Saturday, December 4, 2010

Bakfietsen Paparazzi - A Louisville Dispatch from Sushi K!

My apologies to my Louisville, KY correspondent Sushi K for being so late in posting her newsy piece on Bakfietsen!  In this post Sushi K relates her experience as utility cyclist upon the purchase a year ago of a bakfiets.

Do you ever stand in the checkout line at the grocery store and stare in amazement at the celebrity magazines? Do you ever sigh and think with a tinge of sadness that your face will never be amongst those of the famous folks featured on the covers of the glossies?

If not, stop reading now. This article is not for you.

For the rest of you, I am going to share a secret. Like many of you, I do not have any particular talents in sports, music, acting, magic, or anything else which would be likely to turn me into an overnight sensation. I have become accustomed over the years to my status as a plebian, a common person living out my days in relative anonymity.

However, that changed about a year ago. That's when I bought a bakfiets and my status as an ordinary person changed forever!

Tricked out for the holidays!
Let me start this story from the beginning: last August I was visiting Portland for the Safe Routes to School national conference. While in town, I stayed with some friends, who like many Portlanders, rely on their bicycles almost exclusively for getting around. In the smidgen of free time I had during my stay, my friend R suggested I visit Joe Bike. Their tiny shop held a thoroughly exotic assortment of bikes, including Flying Pigeons, Yuba Mundos, and the eponymous Joe Bike.

Just for fun, I decided to take a couple bikes out for test rides. The Yuba Mundo I found to be an impressively sturdy machine. Their website features photos of Mundos with all sorts of crazy cargo and humans stacked on the back end. While I had no doubt it could carry almost anything I might need, I found the Mundo to be heavy, slow, and clunky and I thought it was difficult to turn.


Joe Bike'a bakfiets - it's Dutch for box bike!
Next, I hopped on the Joe Bike. It felt as sturdy as the Mundo, but was surprisingly nimble, responsive, and easy to maneuver. It had the standard wooden box on the front (bakfiets is Dutch for box bike). I asked about buying one, and was told that the one I was riding was the last one left. It was their first year of production, and that bike was the floor model. After a bit of frantic decision-making, I surprised both myself and Joe by deciding to buy it right then.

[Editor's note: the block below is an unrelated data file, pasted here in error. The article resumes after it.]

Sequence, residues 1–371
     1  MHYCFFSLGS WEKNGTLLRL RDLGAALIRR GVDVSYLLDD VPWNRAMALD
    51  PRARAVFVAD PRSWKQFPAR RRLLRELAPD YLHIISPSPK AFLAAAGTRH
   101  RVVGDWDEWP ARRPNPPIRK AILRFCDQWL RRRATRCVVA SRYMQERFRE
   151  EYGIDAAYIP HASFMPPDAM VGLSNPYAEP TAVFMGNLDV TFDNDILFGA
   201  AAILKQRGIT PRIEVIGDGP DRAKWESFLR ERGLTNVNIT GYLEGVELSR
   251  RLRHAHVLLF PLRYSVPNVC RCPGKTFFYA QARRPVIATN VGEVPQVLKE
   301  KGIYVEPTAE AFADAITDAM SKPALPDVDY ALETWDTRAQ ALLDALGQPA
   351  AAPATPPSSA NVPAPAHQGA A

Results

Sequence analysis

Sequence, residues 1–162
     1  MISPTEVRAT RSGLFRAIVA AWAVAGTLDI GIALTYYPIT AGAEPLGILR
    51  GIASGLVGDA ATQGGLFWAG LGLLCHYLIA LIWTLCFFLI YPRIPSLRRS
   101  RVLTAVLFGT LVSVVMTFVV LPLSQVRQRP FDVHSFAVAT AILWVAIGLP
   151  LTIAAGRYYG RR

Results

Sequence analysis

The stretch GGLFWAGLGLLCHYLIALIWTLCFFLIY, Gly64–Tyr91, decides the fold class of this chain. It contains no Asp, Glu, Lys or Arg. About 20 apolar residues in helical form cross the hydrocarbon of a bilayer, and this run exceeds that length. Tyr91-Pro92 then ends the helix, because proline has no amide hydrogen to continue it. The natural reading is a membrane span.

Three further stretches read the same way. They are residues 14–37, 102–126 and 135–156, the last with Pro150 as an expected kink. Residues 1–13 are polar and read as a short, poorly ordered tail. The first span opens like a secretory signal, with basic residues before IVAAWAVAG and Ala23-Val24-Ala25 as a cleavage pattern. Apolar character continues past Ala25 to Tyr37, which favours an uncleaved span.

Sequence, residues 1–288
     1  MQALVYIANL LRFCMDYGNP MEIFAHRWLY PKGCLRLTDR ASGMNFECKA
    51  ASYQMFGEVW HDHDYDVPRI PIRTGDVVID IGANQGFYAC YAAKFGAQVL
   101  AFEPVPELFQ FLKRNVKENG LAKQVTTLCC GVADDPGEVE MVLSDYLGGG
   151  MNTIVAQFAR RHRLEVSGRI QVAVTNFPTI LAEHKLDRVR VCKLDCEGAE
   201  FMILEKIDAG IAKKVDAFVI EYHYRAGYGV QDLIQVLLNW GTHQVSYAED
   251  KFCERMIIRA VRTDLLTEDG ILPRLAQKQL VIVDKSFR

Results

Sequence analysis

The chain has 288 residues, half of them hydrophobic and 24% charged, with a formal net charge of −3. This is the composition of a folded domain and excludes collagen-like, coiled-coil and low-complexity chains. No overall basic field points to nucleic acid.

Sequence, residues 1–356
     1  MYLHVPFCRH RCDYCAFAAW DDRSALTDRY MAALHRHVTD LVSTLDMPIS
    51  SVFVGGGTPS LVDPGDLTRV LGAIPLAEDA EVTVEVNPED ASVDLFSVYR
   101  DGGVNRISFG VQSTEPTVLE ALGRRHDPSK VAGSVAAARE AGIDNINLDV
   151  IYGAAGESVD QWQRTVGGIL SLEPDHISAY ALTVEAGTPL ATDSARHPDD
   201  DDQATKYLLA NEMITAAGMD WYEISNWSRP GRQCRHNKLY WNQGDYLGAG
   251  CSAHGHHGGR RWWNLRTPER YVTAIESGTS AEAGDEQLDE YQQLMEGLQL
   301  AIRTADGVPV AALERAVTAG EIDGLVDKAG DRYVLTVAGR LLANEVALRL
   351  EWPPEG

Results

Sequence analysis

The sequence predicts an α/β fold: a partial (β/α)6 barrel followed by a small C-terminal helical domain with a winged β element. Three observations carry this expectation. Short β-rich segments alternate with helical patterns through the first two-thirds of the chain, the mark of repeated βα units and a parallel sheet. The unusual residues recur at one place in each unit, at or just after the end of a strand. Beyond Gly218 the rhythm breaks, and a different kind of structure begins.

It was shipped to Louisville via freight, and arrived a few weeks later. I assembled it that night, and was riding it the next day. Immediately, I saw my status as a regular, anonymous woman on the street had changed. I found I was late getting almost everywhere because so many people wanted to talk to me! I increasingly found that when I was introduced at social gatherings, people would say that they had seen me around town riding my crazy orange bike. Sometimes they would call it my "bike dump truck" or "that zany contraption" or some such.

Bakfiets is not just for hauling kids.  And look at that cute Nutcase helmet.
I soon found that I was "enjoying" all the "benefits" of being a celebrity: people wanted to talk to me, ask me lots of questions, take my picture, and many wanted to try out the bike themselves. Everyone commented how surprised they were that it was so easy to ride. I have used it to carry people, dogs, dog food, groceries, other bicycles, and even helped out with a bike move. I quickly discovered that I couldn't remember how I had managed without it. It is just so durn handy.

Now that is one big haul!

What can't Sushi K carry from here to there in her Joe Bike bakfiets?

Some of the features I appreciate: the flexibility to have either a wooden box on the front or double-decker flatbeds, the nimbleness ever with a significant load, the sturdy four-point kickstand, and the responsive drum brakes (which are inside the hubs of the wheels).

The downside: it is a little heavy and slow.

I am feeling very famous, but still haven't seen my face on the cover of People magazine, but I am sure that will be happening soon. Keep and eye out and let me know if you spot me, okay? Thanks.